John’s first letter teaches three significant truths about Christians and sin:

Christians are, and continue to be, sinners who sin (1:8, 10).
All of our sin/unrighteousness is forgiven through Jesus Christ and his death (1:7, 9; 2:2).
We should not continue to sin (2:1, and multiple other verses).

John knows that believers are still sinners who sin. He is not demanding sinless perfection. In fact he has stated that anyone who claims such sinlessness is deceived. He is not excluding us from salvation if we commit individual sinful actions. What he writes against is a life of on-going, habitual sinfulness.

In 3:4 -10 John writes quite strongly about the utter wrongness of sin and how sin ought not to characterize those who are children of God. In these verses John uses the present tense, referring to on-going, continuity of action: Verse 4: ‘everyone who sins’. Verse 6: ‘keeps on sinning ... continues to sin’. Verse 7: ‘does what is righteous’. Verse 8: ‘does what is sinful’. Verse 9: ‘will continue to sin ... he cannot go on sinning’. Verse 10: ‘Anyone who does not do what is right ... anyone who does not love his brother.’

The question is: what characterizes our life? Sin and lawlessness? Or righteousness and love?

John looks at the wrongness of sin from a number of perspectives.

The person and work of Jesus Christ make it clear that sin is wrong. A life of on-going, habitual sin is totally out of sync with both the person of Jesus Christ, in whom we live and whom we confess as ‘Lord’, and the work of Jesus Christ, through which we are saved. On-going, habitual sinfulness simply does not fit with a claim to know Jesus Christ.

The following truths about Jesus Christ outlaw sin:

He is righteous – 2:29; 3:7.
He is pure – 3:3.
He appeared to take away our sins – 3:5.
In him is no sin – 3:5.
He appeared to destroy the devil’s work – 3:8.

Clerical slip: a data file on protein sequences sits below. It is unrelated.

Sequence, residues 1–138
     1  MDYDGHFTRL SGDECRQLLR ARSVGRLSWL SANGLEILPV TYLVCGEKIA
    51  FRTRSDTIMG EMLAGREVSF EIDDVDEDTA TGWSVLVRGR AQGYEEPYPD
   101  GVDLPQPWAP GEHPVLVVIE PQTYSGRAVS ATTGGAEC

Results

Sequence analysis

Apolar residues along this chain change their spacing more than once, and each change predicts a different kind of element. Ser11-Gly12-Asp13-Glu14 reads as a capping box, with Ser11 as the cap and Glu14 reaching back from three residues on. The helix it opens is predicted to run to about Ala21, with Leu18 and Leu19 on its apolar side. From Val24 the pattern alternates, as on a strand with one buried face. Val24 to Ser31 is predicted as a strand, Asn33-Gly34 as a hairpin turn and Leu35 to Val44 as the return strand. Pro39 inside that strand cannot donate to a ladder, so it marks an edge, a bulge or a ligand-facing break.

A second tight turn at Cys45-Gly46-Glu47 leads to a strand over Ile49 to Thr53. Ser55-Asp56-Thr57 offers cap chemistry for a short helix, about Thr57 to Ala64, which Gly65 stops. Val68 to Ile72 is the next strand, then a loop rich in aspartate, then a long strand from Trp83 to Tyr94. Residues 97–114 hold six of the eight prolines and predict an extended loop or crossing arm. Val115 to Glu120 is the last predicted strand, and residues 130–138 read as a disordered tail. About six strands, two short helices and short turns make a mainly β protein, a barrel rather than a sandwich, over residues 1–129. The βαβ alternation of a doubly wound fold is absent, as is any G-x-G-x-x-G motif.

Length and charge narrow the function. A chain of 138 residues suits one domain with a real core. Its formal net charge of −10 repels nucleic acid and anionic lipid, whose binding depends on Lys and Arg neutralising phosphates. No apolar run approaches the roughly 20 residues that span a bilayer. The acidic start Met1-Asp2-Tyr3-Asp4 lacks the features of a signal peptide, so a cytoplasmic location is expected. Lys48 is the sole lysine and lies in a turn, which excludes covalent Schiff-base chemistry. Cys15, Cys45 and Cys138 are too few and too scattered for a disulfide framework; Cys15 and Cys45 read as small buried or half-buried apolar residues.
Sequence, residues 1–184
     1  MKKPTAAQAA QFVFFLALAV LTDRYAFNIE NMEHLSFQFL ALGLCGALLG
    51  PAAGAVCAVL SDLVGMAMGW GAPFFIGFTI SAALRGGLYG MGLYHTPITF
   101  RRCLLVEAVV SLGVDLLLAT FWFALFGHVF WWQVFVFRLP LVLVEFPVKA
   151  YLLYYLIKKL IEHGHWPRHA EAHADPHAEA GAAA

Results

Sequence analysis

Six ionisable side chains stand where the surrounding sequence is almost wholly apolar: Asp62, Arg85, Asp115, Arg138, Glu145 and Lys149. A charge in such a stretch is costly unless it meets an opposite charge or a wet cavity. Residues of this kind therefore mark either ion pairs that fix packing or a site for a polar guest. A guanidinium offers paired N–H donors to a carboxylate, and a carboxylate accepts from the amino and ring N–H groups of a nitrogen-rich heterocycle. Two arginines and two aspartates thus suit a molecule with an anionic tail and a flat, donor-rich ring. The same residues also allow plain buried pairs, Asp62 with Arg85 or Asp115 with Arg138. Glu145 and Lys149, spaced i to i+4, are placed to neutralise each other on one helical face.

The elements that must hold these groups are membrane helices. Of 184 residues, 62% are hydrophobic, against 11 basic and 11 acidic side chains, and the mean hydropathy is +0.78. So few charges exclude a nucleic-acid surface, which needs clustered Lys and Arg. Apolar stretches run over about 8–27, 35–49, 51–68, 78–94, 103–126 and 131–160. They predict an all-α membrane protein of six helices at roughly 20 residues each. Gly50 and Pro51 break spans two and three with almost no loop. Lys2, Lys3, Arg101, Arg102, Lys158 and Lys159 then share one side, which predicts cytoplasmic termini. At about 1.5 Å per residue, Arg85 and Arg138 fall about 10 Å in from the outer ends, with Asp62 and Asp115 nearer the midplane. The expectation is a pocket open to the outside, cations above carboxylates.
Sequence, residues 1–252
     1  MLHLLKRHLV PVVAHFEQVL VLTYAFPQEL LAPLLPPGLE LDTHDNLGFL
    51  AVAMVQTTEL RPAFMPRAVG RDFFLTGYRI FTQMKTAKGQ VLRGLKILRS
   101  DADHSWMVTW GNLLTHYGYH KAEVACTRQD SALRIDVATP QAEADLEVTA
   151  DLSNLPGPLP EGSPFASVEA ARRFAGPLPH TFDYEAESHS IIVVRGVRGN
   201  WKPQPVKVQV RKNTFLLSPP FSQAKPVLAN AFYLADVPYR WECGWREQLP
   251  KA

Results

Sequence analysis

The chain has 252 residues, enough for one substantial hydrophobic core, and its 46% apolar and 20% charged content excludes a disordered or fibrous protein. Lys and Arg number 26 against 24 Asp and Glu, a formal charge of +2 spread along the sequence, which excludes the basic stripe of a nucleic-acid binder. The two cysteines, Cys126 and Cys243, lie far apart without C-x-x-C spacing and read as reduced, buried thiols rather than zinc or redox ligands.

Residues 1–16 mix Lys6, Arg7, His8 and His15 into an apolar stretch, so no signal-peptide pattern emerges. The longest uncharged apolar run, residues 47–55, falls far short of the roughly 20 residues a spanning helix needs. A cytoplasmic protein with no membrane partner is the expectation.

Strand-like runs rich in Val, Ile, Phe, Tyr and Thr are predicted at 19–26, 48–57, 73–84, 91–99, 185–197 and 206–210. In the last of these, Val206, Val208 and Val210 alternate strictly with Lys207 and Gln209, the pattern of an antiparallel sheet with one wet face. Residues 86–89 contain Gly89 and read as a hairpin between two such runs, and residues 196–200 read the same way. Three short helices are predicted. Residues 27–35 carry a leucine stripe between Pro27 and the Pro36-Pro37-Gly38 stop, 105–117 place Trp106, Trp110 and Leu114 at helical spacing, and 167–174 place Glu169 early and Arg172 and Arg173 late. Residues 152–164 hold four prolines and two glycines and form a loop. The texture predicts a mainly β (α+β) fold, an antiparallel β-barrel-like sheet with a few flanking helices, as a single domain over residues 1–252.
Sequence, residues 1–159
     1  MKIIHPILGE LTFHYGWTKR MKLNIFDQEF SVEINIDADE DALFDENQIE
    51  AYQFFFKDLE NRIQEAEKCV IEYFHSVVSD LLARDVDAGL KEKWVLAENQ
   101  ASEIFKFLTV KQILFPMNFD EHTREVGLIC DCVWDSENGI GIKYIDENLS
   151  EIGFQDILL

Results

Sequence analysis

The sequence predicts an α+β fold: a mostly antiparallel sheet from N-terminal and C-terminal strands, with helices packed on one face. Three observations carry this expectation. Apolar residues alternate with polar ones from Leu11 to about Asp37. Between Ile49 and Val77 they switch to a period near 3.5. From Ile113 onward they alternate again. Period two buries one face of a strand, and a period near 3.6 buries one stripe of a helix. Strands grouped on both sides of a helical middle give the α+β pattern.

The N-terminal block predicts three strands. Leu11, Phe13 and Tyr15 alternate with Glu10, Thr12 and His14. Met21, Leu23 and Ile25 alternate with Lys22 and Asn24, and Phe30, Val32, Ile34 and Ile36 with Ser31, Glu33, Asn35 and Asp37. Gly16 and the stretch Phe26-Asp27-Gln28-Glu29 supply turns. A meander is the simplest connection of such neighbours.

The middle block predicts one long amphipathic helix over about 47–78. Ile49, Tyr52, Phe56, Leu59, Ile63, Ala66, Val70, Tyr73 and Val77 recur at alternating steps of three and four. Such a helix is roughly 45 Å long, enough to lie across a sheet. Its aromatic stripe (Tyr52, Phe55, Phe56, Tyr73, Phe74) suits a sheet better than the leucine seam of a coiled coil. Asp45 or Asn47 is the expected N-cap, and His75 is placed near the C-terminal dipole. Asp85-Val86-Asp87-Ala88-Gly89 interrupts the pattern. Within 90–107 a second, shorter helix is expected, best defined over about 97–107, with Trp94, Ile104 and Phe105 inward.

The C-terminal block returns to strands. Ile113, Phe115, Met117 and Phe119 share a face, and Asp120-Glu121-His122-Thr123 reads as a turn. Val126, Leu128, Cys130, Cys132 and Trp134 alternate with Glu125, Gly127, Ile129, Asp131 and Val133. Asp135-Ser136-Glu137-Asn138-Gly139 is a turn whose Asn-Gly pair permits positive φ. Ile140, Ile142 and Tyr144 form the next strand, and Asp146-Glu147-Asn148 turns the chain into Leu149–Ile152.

Anyone who knows the real Christ knows also that sin is always wrong. Anyone who is ‘in him’ knows that sin does not fit ‘in him’. It is totally out of place, because Christ is the very opposite of sin. The two are antagonistic. Sin is the enemy he has defeated and disempowered.

The new identity of the believer makes it clear that sin is wrong. Sin is also exposed as wrong because of the new identity of those who believe in Jesus Christ, and the new relationship with God in which they live. John tells us that those who know Christ:

Have been born of God – 2:29; 3:9.
Are children of God – 3:1, 2, 10.
Have the sure expectation/hope of one day being like Jesus – 3:2.
Live in him – 3:6.
Have seen and known him – 3:6.
God’s seed remains in them – 3:9.

Sin is inconsistent with all of these truths about the believer. Believers owe their existence as children of God to God. Believers live in God. Believers know God. Believers are born of God. Sin is at loggerheads with both their new identity and the Source of their new identity.

The nature and source of sin and evil make it clear that sin is wrong. John puts sin in opposition to God. It is sin that Jesus came to ‘take away’ and to ‘destroy’. For a person who claims to know God to continue to embrace sin does not make any sense, for the two – God and sin – are diametrically opposed to each other. Sin is the devil’s work. Sin comes from God’s enemy. John points this out strongly:

Sin is lawlessness – 3:4.
Whoever does what is sinful is of the devil, because the devil has been sinning from the beginning – 3:8.
It is the children of the devil who do not do what is right – 3:10.
It is the children of the devil who do not love – 3:10.

A life of habitual sinfulness and a claim to know and to belong to God simply don’t go together. The first denies the second. They cannot go together, because sin comes from the devil, not from God.

John’s sees it this way: It is one thing to commit individual sinful actions. All Christians do that, even though they should not. It is an entirely different thing to live a life of on-going, habitual sin. Such a life, says John, denies any verbal claim to believe in Jesus Christ.

© Rosemary Bardsley 2022